”. . . kinda shit is that. . . . Trying to poison me. . . .” he muttered.
“Those are good candies! Those are from Holland!” Yolande cried.
He took hold of Christabel by the hair and pulled her to the creek bank and pushed her off, and she fell splashing into two or three feet of water. “You want to come swimming too?” he asked Yolande. “You and the baby? Eh? Take off your clothes and come swimming too?”
“Don’t you dare come near me,” Yolande said.
He stared at her, and smiled slowly, revealing his tobacco-stained teeth. Yolande saw that he was Garth’s age, but that something was wrong, something was terribly wrong with him. “You want to take off your clothes, eh? And get in the creek with me? All of us, eh? Come on! Hurry up!—I know your name, missy,” he said softly. “It’s Yolande.”
“Go home,” Yolande said, her voice shaking. “You shouldn’t be here, you’ll get into trouble. If you go home now we won’t tell. . . .”
“You get out of here,” the boy said to Christabel, who was trying not to cry, “and take the baby with you. Go on—get! I don’t want no crowd here.”
“Please,” Yolande said, “leave us alone. . . ..”
“We’re going swimming! You and me! Gonna take off our clothes and go swimming!”
Germaine had begun to make faint sounds, whimpering, gasping, as she pushed herself backward on the grass. The boy, peering at her stood very still for a long moment, the kitten crushed against her chest, and then said: “Get her out of here! I don’t want no baby here! I don’t want no bawling baby here!”
Yolande picked Germaine up to comfort her, and Christabel hurried to crouch behind them. Her bare legs streamed water, and her teeth had begun to chatter.
“D’you hear what I said, you!—you there!” the boy said to Christabel. “Take that baby and get the hell out of here! I don’t want no goddam bawlin baby here!—Or I’m going to do this to all of you,” he said, making a sudden gesture as if he were twisting the kitten’s head off. When the girls screamed, he grinned at them, and showed that the kitten was untouched, but made the gesture again, his hand cupped about its head—and again the girls screamed, and Germaine began to shriek. He laughed at their distress, but a moment later was irritated by it, and said, raising his voice to be heard over the baby’s terrified wails, “You’re making me mad! You don’t want to make me mad! Yolande Bellefleur, you don’t want to make Johnny mad ‘cause I know your name and I know how to get you—Yolande Bellefleur, Yolande Bellefleur—you want something nice to stuff your pussy with? Better shut up that baby—”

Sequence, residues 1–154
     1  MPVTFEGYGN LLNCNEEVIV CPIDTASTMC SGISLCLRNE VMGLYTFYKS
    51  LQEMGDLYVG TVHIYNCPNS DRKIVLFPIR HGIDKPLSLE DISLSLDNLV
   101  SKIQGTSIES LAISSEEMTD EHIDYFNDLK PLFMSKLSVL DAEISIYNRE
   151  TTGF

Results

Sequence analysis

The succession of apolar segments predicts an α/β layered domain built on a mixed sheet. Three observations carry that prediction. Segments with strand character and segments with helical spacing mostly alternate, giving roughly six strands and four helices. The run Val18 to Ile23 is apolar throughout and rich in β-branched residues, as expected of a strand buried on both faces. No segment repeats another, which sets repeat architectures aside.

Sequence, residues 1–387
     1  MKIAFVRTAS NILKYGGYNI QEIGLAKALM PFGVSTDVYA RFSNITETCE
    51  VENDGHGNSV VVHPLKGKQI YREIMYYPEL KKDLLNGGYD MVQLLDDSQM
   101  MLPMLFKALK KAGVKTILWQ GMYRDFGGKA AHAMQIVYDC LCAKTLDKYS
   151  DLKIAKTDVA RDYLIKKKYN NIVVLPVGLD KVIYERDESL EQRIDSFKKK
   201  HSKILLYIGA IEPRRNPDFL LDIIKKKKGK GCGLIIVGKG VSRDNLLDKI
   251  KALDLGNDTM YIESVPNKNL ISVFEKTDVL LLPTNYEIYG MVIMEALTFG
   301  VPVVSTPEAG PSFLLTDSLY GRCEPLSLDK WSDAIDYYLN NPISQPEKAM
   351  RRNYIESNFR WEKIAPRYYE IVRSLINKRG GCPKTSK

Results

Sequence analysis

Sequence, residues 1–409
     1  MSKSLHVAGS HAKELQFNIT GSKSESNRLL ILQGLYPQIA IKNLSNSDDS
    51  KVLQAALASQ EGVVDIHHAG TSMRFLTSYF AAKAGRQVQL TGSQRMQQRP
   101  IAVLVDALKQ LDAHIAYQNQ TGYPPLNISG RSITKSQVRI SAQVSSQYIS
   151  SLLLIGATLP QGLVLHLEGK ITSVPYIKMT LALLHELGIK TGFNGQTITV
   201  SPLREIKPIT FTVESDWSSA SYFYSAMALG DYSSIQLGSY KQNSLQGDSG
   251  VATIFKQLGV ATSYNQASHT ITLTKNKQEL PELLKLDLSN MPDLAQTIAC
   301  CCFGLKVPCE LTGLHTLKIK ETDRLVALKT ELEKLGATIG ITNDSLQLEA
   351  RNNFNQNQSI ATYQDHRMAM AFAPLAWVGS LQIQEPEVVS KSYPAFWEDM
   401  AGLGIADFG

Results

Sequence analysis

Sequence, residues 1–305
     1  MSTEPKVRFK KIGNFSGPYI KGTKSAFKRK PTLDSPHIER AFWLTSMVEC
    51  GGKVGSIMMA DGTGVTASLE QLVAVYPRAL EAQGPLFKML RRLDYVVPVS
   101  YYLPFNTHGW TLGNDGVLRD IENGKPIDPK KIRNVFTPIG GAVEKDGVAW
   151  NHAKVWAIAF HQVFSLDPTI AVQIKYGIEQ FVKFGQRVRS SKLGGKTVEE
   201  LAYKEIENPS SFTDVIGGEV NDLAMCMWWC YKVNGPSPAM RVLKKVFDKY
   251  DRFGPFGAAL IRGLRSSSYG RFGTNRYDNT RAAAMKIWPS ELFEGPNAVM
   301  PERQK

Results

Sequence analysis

But the baby continued to cry. And Christabel, crouched behind Yolande, had to press her hand against her mouth to keep from sobbing.
“I can’t stand no bawling,” the boy said. “Y’want me to do this to you all—” Again he made the twisting gesture, but this time he did twist the kitten’s head. It made a single hideous ear-piercing cry and must have slashed his hands with its claws, for he swore, and threw it out into the creek as lightly as he might have thrown a stone: it sank into the swift-flowing current in the center, a small hurtling scrap of orange, sinking immediately from sight. It had all taken place so quickly the girls could not grasp what had happened. This terrible boy had wrung the kitten’s neck, he had thrown it into the creek. . . . And what was he saying about the baby, taking the baby away, what did he want with Yolande. . . .
“We could go swimming. Or we could go over there,” the boy said, indicating with a jerk of his head an abandoned barn on a rise nearby. “Just you and me, Yolande. I don’t want none of them others. . . . Y’want me to twist all your heads off? Eh? Better stop bawling! Y’want me to come back and get the rest of your pets? Damn fucking cats all over the place
Clearly he too was frightened. His young voice rose and fell with anguish, with daring, with an inarticulate rage; in his impatience he danced about, stomping, bringing the heel of his boot down hard near the girls’ feet, as if he were teasing a dog. He touched Yolande’s hair. His fingers closed in her hair. A kind of radiance broke across his face—his ugly smile faded—he simply stared at her. After a long moment he said, in a low, broken voice:” . . .that barn over there . . .just you and me . . .just for a few minutes. . . . Yolande. . . . Yolande Bellefleur. . . . Just for a few minutes
“Barn! What barn! Where is there a barn. . . .” Yolande whispered.
The boy pointed.
She laughed, turning, shading her eyes. There was a barn nearby. One of the old hop-curing barns. It was badly rotted now, on the brink of collapse: moss of a bright lurid green grew on the sagging roof; even a few tiny maples nested there. “Oh there. . . . That.. . .” Yolande said.
He tugged at her hair. Hard. Then a little harder. He did his angry dance-step again, nudging Yolande’s foot. And nudging her with his knee. Like a puppet she did not resist: she did not even cry out when his fingers yanked her hair.
“Y’want me to come back here sometime, at night, I could come back at night, and wring all your heads off, all the goddam fucking Bellefleur heads, wring ‘em off and throw ‘em in the creek,” the boy said softly, bumping against Yolande. “Y’want me to. . . .”
“No,” said Yolande. “No. It’s all right. I’ll go with you.”
“You’ll go with me ?”
“Christabel,” said Yolande, in an unnaturally high voice, “take the baby home. Take the baby home and stay there. It’s all right. I’ll go with him. It’s all right. . . . Honey, please stop crying. It’s the best way, doing what he says. Then everything will be all right. Do you understand?”